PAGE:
My photography is informed by having been a painter since the early 70’s. That practice influences the color, atmosphere, space, and organization. It determines the purpose of my photographs.
It is always about the landscape. Initially, the camera served as a vehicle for visual notations on the environments I explored throughout the world – a reference tool for my large-scale paintings.
But, beginning in 2000, Photography became an end in itself, another way to respond – providing an alternate mode of investigation resulting in atypical views where nature is abstract, ambiguous – often aerial and sometimes mysterious. The lens allows for close examination of the multifaceted, intricate structures of nature, movement and light in real time. It can also reveal broad, expansive, vertiginous vistas.
My artistic practice is situated at the intersection of art and science; focused on issues of climate change. This past year I participated in expeditions to Antarctica and the Arctic Circle. I took thousands of photographs from the air, sea and ground, discovering compelling and seductive beauty everywhere. I intend this series to also reveal the consequence of record breaking rapid ice melt at either end of our globe which is frightening and could be catastrophic. This body of work represents the culmination of years of study and collaboration with glacial geologists throughout the world. They are organized into two portfolios: Polar Investigations North and Polar Investigations South.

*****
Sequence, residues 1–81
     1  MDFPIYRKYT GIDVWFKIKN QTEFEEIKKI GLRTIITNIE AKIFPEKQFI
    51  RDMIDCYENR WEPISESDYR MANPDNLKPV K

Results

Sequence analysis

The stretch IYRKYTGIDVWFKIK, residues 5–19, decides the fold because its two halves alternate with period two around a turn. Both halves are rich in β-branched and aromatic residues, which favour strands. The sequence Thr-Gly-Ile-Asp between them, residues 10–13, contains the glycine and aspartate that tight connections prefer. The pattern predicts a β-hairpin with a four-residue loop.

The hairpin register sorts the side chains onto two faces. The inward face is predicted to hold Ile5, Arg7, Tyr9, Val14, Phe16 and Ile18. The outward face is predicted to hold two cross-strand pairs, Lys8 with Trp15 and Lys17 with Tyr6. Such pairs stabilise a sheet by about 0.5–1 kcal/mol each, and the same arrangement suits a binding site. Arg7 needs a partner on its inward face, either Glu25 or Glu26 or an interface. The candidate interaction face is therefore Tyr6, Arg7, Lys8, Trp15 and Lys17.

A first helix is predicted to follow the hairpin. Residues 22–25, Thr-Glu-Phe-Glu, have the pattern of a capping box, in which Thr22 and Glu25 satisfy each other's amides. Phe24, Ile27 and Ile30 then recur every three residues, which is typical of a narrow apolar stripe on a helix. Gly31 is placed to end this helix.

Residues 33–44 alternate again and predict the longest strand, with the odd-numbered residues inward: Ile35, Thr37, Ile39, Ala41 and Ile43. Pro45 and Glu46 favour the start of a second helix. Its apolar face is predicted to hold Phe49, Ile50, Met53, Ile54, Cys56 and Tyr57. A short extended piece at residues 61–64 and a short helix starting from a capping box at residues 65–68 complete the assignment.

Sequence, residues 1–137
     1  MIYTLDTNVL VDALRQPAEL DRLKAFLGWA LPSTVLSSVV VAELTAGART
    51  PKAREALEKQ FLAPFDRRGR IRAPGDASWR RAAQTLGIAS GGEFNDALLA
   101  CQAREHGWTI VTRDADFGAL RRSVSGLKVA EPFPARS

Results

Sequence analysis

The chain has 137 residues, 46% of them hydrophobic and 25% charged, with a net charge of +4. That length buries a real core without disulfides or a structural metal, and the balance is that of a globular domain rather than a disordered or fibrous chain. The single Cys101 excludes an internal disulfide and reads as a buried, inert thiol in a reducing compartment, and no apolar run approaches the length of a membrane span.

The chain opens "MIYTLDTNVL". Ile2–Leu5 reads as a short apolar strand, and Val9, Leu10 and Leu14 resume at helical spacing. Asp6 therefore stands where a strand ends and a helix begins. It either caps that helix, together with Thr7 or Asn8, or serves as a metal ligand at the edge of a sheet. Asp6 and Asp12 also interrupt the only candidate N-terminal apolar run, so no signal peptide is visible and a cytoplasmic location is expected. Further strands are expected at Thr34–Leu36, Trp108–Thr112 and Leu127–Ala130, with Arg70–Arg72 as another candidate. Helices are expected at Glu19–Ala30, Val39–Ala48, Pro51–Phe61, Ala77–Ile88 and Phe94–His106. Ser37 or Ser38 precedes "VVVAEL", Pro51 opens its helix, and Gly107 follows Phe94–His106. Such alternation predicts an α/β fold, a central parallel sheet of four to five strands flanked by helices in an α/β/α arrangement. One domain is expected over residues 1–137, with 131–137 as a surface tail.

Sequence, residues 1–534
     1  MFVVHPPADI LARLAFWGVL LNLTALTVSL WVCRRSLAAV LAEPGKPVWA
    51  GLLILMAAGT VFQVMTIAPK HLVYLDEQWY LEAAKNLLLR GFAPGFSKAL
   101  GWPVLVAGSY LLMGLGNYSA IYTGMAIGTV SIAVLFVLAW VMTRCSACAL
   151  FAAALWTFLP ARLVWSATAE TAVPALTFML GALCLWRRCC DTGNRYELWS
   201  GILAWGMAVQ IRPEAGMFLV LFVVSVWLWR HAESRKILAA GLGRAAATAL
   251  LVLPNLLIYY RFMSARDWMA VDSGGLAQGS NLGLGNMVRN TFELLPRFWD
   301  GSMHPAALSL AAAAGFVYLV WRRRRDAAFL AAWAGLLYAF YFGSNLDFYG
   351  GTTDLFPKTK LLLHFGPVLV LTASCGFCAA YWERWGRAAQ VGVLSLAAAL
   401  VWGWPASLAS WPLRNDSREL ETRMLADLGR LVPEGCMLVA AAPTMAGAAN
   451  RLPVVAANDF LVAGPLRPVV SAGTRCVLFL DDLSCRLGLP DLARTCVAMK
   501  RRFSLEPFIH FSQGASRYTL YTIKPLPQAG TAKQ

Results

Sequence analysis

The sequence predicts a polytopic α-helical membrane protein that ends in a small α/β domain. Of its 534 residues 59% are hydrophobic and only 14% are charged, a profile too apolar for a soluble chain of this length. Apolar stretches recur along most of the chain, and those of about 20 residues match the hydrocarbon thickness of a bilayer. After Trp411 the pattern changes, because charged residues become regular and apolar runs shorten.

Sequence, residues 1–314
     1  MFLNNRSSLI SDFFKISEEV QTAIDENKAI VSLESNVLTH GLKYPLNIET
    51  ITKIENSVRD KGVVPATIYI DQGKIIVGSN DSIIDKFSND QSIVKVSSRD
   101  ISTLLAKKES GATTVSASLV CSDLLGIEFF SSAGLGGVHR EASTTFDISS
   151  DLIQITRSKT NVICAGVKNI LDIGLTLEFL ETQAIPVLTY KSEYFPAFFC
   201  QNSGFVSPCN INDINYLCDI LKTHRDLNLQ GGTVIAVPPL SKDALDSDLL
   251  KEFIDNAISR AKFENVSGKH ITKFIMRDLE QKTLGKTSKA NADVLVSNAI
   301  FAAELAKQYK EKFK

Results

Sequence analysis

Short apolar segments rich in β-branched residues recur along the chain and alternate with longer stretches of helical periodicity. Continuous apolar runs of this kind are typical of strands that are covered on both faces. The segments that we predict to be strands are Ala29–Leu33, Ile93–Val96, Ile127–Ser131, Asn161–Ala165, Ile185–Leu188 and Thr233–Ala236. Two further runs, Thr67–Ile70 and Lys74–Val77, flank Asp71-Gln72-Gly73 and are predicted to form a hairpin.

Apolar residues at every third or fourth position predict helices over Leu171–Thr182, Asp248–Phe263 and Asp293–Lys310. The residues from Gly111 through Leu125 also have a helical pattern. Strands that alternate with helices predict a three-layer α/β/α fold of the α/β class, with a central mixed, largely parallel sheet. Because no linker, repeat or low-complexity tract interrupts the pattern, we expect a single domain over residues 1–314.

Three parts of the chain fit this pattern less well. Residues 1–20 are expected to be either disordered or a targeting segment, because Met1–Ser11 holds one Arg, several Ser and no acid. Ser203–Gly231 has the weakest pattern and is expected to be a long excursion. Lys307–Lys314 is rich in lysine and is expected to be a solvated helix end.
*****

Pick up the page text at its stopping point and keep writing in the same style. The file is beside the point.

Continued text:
Diane Burko’s first suite of mages were taken from slides of prior flights seeking landscape imagery. That suite of 9×12 inch Iris prints led to using a Fuji 4 x 5/6 medium format camera and scanning the film to create larger 24×30 inch images. Since 2004, digital SLR’s have been her mainstay. She currently uses a Canon EOS 5 Mark III and Mark IV, both with a 24-105 lens, as well as a Sony NEX VII.
All prints prior to 2010 were printed on German Etching Hahnemuhle. Since 2010, she uses Canson 100% Rag.